Matt Enston, an Associate in our Dry Shipping Group, comments on the recent decision of the House of Lords in Sempra Metals Ltd v Inland Revenue Commissioners [2007] UKHL 34 (“Sempra”) which indicates that compound interest is in principle recoverable in restitution claims, and as damages for breach of contract and in tort.

The position pre-Sempra

The Sempra decision represents an important development in the law relating to the recovery of interest in restitution and damages claims.

With regard to restitution claims – that is, claims for the return of property or unjustified gains to the rightful owner/beneficiary – pre-Sempra, the position was essentially that the courts did not have power to award compound interest. Therefore, where (for example) a party mistakenly paid a sum of money to another party, whilst the first party was entitled to recover the principal sum, it was unable to recover the interest on that sum which the second party would or should have received. With regard to damages claims, claimants in the English Courts typically claimed interest on damages awarded to them, and the court has discretionary power to award simple (but not compound) interest under section 35A of the Supreme Court Act 1981.

Further, the judgment of the House of Lords in President of India v La Pintada Cia Navigacion SA [1985] AC 104 indicated that a claimant could recover interest as damages for the loss of use of money if that loss fell within the second limb of the Hadley v Baxendale rule: that is, a loss which may reasonably be supposed to have been in the parties’ contemplation at the time they entered the contract as the probable result of a breach. Oddly, however, the judgment in that case indicated that interest losses were not recoverable under the first limb of the Hadley v Baxendale rule (that is, on the basis that they were losses arising in the ordinary course of things as a result of the defendant’s breach).

The judgment in Sempra

The Sempra case concerned a claim in restitution by Sempra Metals Ltd against the Inland Revenue for the time value of money (in the form of corporation tax) which had been paid prematurely under mistake and/or pursuant to the Revenue’s unlawful demand.

The main issue before the House of Lords was essentially this: is a claimant entitled to recover compound interest in restitution?

In essence, it was held that Sempra Metals Ltd was entitled to recover compound interest, on the basis that its premature payments had (unjustly) given the Revenue the use of the money. The Lords determined that Sempra was entitled to recover the time value of the money, and in accordance with the normal principle in restitution claims – which is to be distinguished from the compensation principle applied to damages claims – the time value of money was to be assessed according to the cost to the defendant of borrowing the money on normal commercial terms. In that respect, although it may in the normal course be open to the government to borrow money on more favourable terms than are available publicly, the Lords held that the time value of the money was to be assessed objectively. Therefore, given that money is typically borrowed on terms that require payment of compound interest, that was the measure of the benefit enjoyed by the Revenue, for which it had to account to Sempra.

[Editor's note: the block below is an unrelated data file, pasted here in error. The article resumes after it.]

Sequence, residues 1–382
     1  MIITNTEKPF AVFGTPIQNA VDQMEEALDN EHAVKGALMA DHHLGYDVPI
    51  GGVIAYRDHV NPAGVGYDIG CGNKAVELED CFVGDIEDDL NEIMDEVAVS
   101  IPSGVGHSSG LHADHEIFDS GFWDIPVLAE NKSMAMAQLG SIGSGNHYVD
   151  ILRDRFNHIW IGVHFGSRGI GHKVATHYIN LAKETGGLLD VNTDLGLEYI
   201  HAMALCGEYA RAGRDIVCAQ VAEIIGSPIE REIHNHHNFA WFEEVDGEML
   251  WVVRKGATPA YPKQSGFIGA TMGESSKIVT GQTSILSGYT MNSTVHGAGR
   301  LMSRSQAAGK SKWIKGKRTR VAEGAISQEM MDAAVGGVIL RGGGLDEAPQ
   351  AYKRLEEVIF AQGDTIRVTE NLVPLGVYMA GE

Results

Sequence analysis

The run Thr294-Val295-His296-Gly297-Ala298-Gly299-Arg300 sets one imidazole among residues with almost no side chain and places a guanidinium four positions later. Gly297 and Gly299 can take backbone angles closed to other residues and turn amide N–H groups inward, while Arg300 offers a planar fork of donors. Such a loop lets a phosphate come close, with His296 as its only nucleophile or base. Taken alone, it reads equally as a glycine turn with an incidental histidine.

Damages claims

Whilst the principal issue before the House of Lords in Sempra concerned a claim in restitution, the judgment also indicates that compound interest should as a matter of principle be recoverable as damages in breach of contract and tort claims, subject to the usual rules of proof and remoteness.

In other words, claimants will no longer be restricted to claims for interest on damages (under the Supreme Court Act), nor will they necessarily be required to frame their claim for interest losses as a claim under the second limb of Hadley v Baxendale. Instead, they may claim compound interest as damages, providing the losses are not too remote. This aspect of the judgment was obiter dicta, but it is likely to be followed by other courts.

The House of Lords was however keen to stress two points. First, that claims for interest would have to be specifically pleaded and proved – a general claim for “damages” would not suffice, and the court would not presume interest losses – and second, that the Sempra judgment should not be taken as meaning that compound interest will always be recoverable as damages: any claim for interest must be pleaded and proved as a separate item of loss.

Practical consequences

The precise nature of the court’s power to award compound interest will no doubt be explored and further clarified by the courts. However, at first blush, it seems that the practical effects of the judgment in Sempra are that:

1. a claimant may now claim in restitution compound interest on money which it paid by mistake; and

2. a claimant may also claim compound interest as damages, providing (a) it can prove its loss, and (b) the interest loss either (i) arose in the ordinary course, as a result of the defendant’s breach, or (ii) can reasonably be determined to have been in the parties’ contemplation at the time the contract was entered into as the probable result of the breach.

Finally, given that the right to recover compound interest as damages is a common law and/or equitable remedy, the relief should be available in arbitration, as well as in High Court litigation. The Arbitration Act 1996 does of course already provide arbitrators with discretion to award compound interest on damages.